New submarine-hunting drone is union built in Oregon

A certification and testing launch of ACTUV took place Jan. 29 at Vigor Industrial at the Portland shipyard on Swan Island. Vigor owns Oregon Iron Works.
A certification and testing launch of ACTUV took place Jan. 29 at Vigor Industrial at the Portland shipyard on Swan Island. Vigor owns Oregon Iron Works.

“Sea Hunter,” the first-ever Anti-Submarine Warfare Continuous Trail Unmanned Vessel (ACTUV), was built by members of Iron Workers Shopmen’s Local 516 and IBEW Local 48 at Oregon Iron Works in Clackamas.

The robotic surface vessel (i.e. drone) is scheduled to be christened April 7 at Caruthers Landing, 110 SE Caruthers Street, Portland. The Office of Naval Research and the Space and Naval Systems Warfare Command will then conduct sea-trials over the next 18 months to test its long-range tracking and self-driving functions.

The ship is a small part of the Pentagon’s $18 billion Third Offset strategy, which is devised to help the U.S. maintain superiority over rising military powers like China and Russia.

Jared Adams, chief of media relations for the Defense Department’s Defense Advanced Research Projects Agency (DARPA), told the Labor Press via email that he wasn’t able to provide an interview, but he did send photos and information about the vessel.

The 140-ton, 132-foot long ship is the largest unmanned surface vessel ever built. Designed to operate autonomously for 60 to 90 days straight, its primary objective is to track enemy submarines in shallow waters. In addition to locating spying submarines, it also could play a role in supplying other U.S naval vehicles and running logistics in operations.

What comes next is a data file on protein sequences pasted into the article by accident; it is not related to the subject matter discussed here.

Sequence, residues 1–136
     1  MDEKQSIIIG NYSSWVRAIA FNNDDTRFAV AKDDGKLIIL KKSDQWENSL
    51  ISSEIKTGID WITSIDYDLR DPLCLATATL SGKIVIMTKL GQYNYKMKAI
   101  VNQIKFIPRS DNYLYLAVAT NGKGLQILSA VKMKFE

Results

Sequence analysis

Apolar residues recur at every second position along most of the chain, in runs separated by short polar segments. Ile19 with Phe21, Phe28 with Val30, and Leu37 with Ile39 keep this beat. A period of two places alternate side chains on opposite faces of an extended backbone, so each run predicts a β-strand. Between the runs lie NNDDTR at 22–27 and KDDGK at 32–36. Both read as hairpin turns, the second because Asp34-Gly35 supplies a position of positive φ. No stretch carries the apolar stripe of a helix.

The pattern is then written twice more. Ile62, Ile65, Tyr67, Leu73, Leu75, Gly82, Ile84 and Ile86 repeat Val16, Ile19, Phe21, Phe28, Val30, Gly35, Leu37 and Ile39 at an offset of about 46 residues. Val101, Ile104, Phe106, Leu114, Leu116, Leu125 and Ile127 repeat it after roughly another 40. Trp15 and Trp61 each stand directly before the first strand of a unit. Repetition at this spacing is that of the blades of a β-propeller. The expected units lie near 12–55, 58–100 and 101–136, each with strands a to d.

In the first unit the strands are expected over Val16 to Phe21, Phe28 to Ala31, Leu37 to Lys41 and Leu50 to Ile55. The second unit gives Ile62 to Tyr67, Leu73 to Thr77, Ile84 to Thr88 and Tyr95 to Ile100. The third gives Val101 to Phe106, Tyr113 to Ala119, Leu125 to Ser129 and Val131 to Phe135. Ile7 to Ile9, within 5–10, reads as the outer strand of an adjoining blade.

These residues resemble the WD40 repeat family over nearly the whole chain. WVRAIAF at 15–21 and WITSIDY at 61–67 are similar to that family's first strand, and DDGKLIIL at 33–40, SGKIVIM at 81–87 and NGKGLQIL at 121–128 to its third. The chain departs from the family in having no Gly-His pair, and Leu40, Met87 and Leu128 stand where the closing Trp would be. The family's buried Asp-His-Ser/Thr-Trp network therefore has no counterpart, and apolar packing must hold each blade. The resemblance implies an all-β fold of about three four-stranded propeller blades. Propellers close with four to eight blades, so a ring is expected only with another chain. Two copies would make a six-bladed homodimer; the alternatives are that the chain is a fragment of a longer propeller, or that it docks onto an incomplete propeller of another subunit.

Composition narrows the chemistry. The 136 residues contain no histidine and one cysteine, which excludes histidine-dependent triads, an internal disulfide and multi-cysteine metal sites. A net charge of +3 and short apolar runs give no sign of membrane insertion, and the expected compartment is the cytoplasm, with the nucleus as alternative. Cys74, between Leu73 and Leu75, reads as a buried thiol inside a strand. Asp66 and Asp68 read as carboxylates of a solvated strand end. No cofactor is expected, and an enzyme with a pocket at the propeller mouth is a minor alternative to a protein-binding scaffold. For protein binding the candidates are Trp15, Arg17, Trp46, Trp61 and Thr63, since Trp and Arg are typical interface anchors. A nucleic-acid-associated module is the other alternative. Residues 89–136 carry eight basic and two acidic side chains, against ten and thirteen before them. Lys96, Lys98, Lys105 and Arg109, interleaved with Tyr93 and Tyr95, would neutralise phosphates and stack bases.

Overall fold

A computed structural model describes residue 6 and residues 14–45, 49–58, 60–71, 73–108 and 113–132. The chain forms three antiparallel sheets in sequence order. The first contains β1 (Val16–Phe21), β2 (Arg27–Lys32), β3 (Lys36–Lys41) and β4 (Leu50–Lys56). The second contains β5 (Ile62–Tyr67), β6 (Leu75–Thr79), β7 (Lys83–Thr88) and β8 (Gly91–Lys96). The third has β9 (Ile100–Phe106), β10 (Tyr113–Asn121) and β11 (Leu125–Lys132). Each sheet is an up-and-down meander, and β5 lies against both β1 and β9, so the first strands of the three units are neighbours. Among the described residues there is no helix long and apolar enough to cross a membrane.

And because it is unmanned, the ACTUV (pronounced ‘active’) is relatively cheap to operate — between $15,000 and $20,000 per day, according to  Sea Magazine. In contrast, a destroyer costs about $700,000 per day to operate.

The prime contractor of the program is Leidos, a national security, health, and specialty engineering company. Leidos initially contracted with Christ- ensen Shipyard, Ltd., a non-union yacht builder in Vancouver, Washington, to construct the hull, under the supervision of Oregon Iron Works. Christensen closed unexpectedly in February 2015, and the ACTUV was moved to Vigor Industrial at the Portland shipyard on Swan Island. Vigor owns Oregon Iron Works.

Local 516 Business Manager Phil Casciato confirmed that his members worked on the ACTUV, but other than that, he said he couldn’t discuss anything about the project.

Sea Hunter

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